Powder Metallurgy: Technologies and Global Markets

Published - Sep 2010| Analyst - Robert Moran| Code - AVM007J
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Report Highlights

  • BCC projects that value of powder shipments will resume growth in 2010 at a 3.9% compound annual growth rate (CAGR), from $4.6 billion in 2009 to $4.7 billion in 2010. From 2010 to 2015, this segment will increase at a 6.8% compound annual growth rate (CAGR) to a value of $6.6 billion.
  • The part base will grow from a low of nearly $9.7 billion in 2009 to more than $10 billion in 2010. From 2010 to 2015 this segment will increase at a 6.8% compound annual growth rate (CAGR) to reach a value of $13.9 billion in 2015.
  • Individual powders and parts will also pick up in 2010.  Iron and steel powders will grow at a 3.5% compound annual growth rate (CAGR) and parts made from them will also rise by 3.5%.  Through 2015, we expect to see iron and steel powder growth of 5.1% CAGR as the auto and other industries resume higher growth rates.



The objective of this study is to present an analysis of the global powder metallurgy market. Our goal was to determine the current status of powder metallurgy (PM) industry and assess its growth potential over the period from 2009 to 2010 and then over the 5 year period from 2010 to 2015. We were particularly interested in the status of the industry in relation to the global economic crisis and recession, and the impact these events had on PM product demand.

Our major objective is to present a comprehensive analysis of the current powder metallurgy industry and project its future course.


Powder metallurgy (PM) has been a steady industry over the past several decades, growing from the 1980s. Much of its growth derived from metal powder-based parts replacing castings, forgings and machined parts. The industry has consistently demonstrated that it could meet the demand of manufacturers at a lower cost than previous technologies. More than 72% of all PM parts have historically been sold to the automotive industry.

We have examined the current position of PM technologies and materials in 10 major powder groups. We were interested in the materials proposed to meet the demand for more sophisticated products. We also analyzed the decline in PM demand within particular industries caused by the economic downturn.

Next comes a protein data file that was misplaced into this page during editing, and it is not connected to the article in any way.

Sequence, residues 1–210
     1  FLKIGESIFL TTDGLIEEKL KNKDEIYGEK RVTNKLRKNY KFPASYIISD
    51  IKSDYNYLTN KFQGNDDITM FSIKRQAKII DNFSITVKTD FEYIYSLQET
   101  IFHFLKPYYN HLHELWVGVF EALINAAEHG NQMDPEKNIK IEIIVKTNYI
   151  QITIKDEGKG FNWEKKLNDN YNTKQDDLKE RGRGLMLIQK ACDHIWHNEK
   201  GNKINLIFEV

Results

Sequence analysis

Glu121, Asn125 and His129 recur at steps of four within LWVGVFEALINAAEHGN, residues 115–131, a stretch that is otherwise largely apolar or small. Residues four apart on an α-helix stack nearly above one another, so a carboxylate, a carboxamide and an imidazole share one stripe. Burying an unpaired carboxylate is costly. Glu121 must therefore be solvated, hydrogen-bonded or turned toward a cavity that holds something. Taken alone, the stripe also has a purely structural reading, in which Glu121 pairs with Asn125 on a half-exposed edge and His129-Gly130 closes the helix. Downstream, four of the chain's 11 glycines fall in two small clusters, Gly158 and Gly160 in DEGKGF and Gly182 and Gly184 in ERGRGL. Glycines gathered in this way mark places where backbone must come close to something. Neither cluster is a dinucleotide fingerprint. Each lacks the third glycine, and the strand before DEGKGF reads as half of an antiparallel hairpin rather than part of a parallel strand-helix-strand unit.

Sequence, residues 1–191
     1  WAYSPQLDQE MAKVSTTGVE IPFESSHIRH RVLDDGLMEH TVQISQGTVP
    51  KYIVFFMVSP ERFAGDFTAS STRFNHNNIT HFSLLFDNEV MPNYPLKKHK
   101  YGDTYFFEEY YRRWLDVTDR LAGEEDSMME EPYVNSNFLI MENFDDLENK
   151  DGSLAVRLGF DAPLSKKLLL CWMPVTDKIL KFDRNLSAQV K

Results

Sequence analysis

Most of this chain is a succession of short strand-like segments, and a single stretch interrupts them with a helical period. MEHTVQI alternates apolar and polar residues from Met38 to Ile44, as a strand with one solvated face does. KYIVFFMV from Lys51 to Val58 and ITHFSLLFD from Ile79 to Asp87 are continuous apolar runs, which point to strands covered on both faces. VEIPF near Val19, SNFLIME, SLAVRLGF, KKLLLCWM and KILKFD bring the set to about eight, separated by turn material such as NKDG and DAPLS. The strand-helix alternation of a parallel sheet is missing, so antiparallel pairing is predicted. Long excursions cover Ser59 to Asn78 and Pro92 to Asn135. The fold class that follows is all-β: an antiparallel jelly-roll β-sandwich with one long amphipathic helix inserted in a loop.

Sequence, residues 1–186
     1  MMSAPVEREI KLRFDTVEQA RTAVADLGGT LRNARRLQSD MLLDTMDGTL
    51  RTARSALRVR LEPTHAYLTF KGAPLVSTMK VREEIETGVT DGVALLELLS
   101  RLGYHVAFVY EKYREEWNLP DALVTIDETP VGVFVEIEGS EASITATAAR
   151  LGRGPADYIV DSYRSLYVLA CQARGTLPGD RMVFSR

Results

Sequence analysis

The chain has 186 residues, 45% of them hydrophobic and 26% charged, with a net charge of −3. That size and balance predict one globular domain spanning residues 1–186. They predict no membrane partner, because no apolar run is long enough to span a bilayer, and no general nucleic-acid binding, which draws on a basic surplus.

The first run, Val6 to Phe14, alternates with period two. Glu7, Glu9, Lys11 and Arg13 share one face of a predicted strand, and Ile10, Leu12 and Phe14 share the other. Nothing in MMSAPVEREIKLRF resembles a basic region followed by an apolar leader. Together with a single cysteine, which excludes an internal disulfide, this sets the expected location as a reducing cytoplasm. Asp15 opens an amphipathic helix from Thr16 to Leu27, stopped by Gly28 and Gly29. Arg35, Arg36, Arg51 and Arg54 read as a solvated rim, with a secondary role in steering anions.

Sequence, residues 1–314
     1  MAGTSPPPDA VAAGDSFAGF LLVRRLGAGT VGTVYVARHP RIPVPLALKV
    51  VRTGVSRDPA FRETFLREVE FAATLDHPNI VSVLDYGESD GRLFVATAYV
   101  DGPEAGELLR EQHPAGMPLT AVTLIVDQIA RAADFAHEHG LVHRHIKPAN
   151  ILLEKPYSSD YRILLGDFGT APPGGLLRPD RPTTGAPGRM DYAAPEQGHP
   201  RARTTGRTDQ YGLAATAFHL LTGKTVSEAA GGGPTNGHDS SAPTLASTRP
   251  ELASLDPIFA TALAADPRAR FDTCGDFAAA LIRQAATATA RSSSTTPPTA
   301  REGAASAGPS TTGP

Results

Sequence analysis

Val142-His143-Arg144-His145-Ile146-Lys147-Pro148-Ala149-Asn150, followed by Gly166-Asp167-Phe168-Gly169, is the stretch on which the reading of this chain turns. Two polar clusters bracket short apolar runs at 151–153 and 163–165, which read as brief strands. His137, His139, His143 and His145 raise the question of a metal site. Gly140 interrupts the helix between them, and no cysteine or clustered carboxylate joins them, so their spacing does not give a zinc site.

PM could eventually become an industry with saturated markets and grow largely by acquisition or increasing market share. But PM technology is still evolving, and the industry has adapted particulates (or powders and materials that are not made solely of metals). Products are changing, too, and PM can be adapted or modified to meet their demands. PM can expand and resume growth, which is an important reason to do this study.


We studied the different metals and the parts they formed. An overview of the various PM technologies is presented and descriptions of the various “new” materials being used are included. An overview of industry competitiveness is also presented including a discussion of global economic factors.

BCC Research tracks various metal powders and other materials through the manufacturing process and the fabrication of parts. A global view is provided and manufacturing capabilities and consumption patterns are examined for each of five major regions throughout the world.


This study includes companies who manufacture powder metal and other related materials used in the process, such as ceramics and nanopowders, special alloys and metal matrix composites. It also includes companies that make parts and components for automotive products, industrial and tolling equipment, recreation and hobby items, appliances, business machines and other products.